'Dog the Bounty Hunter' Duane Chapman Weighs in on Search for Missing 11-Year-Old Gannon Stauch

Duane "Dog" Chapman is using his fame to bring attention to the case of Gannon Stauch, an 11-year-old Colorado boy who has been missing for almost four weeks. The El Paso County Sheriff's office has released few details on the search, but Chapman said there could be a reason for that. On Friday, investigators suspended their search, which began after Gannon was reported missing on Jan. 27 when he did not come home.

In an interview with Fox21, the Dog the Bounty Hunter star defended how authorities are handling the case.

"A lot of things we don't need to know, cause they're, ya know, either government or the cops," Chapman told the local outlet. "If they really don't have any idea at all, cops would be like 'listen we need the public's help' absolutely, but if they got a couple hints or they are just waiting for someone to crack or evidence right, then that's why they are saying, 'It's under investigation.'"

The sheriff's office said they have received more than 700 leads, and Chapman said every one is important.

"Leads come in, as you hear, 'there's 155 leads and 1 panned out,' – that's so true!" Chapman said. "I used to think 'they're lying,' and I worked on this case 200 leads and finally one came through so, with cops, any investigator, you gotta work every single lead."

The case has sparked social media rumors and speculation, which officials have warned the public about. Chapman agreed that many of the social media tips can be misleading, adding that the internet is "not the bible." He pointed out that images circulating on social media could have easily been altered.

Chapman went on to point out that investigators likely went over Gannon's room already to find eveidence.

"I lost a daughter and her room, her stuff that was in her room… is still the same to this day," Chapman said. "You search that house, look in the room, what’s the room look like? Did they leave it messed up, did they clean it up, there’s a lot of things."

El Paso County investigators said Friday they have suspended the ground search for Gannon, but deputies are still investigating the cases. El Paso County Sheriff’s spokeswoman Jacqueline Kirby also asked the public to be compassionate towards the parents, especially on the web.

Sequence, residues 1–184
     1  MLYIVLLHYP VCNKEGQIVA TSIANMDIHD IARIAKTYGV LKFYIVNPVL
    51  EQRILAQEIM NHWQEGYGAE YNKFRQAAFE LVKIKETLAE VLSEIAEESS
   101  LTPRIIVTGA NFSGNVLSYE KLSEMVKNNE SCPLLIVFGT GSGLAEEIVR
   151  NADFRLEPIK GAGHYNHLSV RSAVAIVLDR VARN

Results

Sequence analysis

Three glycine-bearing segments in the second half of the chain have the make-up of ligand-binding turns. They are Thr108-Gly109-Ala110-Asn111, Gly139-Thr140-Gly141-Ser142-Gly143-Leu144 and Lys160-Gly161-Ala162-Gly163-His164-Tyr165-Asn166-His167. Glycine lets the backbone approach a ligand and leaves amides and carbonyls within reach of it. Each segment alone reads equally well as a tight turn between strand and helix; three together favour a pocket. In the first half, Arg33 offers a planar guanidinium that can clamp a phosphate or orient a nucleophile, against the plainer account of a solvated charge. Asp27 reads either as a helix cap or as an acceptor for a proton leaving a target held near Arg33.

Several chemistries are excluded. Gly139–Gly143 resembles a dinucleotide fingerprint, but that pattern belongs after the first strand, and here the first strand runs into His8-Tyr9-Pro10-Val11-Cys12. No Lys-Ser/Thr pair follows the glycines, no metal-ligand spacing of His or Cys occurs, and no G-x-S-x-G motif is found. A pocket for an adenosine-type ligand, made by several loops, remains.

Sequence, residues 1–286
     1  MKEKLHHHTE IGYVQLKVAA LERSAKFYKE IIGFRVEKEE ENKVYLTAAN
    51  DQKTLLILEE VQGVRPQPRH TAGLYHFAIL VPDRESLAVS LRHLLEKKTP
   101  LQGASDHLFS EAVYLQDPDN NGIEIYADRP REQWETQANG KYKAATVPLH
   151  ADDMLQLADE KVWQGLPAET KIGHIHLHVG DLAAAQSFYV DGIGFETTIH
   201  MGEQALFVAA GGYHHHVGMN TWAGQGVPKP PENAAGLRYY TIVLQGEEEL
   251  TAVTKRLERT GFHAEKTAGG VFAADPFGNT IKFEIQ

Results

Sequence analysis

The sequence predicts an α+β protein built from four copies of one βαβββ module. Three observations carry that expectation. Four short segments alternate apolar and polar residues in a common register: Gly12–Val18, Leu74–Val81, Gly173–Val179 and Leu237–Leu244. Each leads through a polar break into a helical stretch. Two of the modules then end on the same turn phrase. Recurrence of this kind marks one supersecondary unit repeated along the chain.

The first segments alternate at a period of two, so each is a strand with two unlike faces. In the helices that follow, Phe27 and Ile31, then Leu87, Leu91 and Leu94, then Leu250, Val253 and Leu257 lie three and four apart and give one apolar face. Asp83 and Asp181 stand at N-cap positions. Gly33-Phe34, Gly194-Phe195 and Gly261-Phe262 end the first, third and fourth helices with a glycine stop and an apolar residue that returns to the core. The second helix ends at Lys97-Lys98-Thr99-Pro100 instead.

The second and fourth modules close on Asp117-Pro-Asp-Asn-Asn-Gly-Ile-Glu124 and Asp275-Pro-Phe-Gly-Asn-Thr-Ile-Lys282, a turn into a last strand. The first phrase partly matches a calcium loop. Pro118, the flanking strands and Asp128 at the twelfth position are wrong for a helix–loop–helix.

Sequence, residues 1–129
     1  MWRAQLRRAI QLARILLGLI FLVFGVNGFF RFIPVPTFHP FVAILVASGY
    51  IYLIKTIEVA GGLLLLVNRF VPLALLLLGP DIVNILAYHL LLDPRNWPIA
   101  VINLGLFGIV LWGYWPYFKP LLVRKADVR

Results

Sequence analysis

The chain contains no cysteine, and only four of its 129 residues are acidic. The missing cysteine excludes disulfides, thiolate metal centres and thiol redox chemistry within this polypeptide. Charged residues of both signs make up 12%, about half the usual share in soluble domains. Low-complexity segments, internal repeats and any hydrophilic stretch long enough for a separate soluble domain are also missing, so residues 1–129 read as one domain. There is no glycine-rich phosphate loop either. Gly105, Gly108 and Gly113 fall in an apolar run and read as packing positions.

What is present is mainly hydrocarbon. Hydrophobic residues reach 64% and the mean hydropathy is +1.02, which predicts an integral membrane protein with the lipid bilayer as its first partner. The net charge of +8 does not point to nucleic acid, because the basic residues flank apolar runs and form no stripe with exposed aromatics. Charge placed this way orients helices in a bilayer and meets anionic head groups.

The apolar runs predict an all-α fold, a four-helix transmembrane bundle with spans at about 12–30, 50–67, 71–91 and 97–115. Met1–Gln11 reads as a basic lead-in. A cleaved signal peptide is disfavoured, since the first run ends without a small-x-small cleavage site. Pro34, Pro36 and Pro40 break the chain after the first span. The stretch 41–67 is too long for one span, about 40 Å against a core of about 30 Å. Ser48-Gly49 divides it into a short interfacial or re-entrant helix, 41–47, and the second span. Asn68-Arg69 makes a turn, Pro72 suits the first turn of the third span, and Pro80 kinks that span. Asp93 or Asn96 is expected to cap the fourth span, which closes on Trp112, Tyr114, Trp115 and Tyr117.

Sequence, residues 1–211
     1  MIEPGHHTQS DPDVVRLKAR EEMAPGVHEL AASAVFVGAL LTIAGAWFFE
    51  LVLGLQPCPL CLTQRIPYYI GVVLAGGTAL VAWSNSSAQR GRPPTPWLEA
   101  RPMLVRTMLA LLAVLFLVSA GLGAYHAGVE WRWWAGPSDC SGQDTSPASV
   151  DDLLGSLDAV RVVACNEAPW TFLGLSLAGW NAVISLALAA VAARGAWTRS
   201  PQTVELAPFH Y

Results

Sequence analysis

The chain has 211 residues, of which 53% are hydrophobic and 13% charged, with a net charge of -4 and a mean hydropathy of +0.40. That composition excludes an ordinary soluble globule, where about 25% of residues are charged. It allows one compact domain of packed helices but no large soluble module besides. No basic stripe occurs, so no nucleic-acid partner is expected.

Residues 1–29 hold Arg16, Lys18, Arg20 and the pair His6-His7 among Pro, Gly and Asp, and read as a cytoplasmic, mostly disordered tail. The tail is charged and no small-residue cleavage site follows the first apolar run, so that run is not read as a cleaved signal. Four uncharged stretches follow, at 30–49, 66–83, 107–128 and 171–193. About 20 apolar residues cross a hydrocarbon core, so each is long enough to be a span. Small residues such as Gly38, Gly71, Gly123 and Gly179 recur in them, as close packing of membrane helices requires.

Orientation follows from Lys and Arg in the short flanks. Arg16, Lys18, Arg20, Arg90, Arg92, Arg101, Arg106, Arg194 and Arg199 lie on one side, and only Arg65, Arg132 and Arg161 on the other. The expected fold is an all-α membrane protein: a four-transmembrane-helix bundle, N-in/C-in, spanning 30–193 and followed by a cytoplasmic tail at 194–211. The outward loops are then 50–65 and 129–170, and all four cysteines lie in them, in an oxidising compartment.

"They are continuing to live a parents' worst nightmare, a family member’s worst nightmare, knowing that a child is not home safe with his family where he belongs," Kirby told CBS Denver.

Gannon's stepmother, Letecia Stauch, reported Gannon missing on Jan. 27. Authorities first considered Gannon a runaway case, but then considered him a missing and endangered child on Jan. 30 because of his age and need for medication.

On Feb. 12, Letecia Stauch released a statement about Gannon's disappearance in response to mounting criticism online, with some accusing he of being involved in he stepson's disappearance even though authorities have not named anyone a suspect in the case.

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"Social Media has been devastating from the harsh comments, speculations, threats, cyber bullying, etc.," Leteicia Stauch wrote in the statement to KDVR. "It has been a challenge when people are trying to run you off the road, waiting outside your hotel, threatening to kill you, etc. I encourage the Sheriff’s Office to take down those pages that promote negative behavior and violence. Let's Do what Gannon would do. Be Kind to one another! We all have engaged in something crazy online at some point but Gannon would want everyone to get along and to focus on finding him."

Photo credit: Getty Images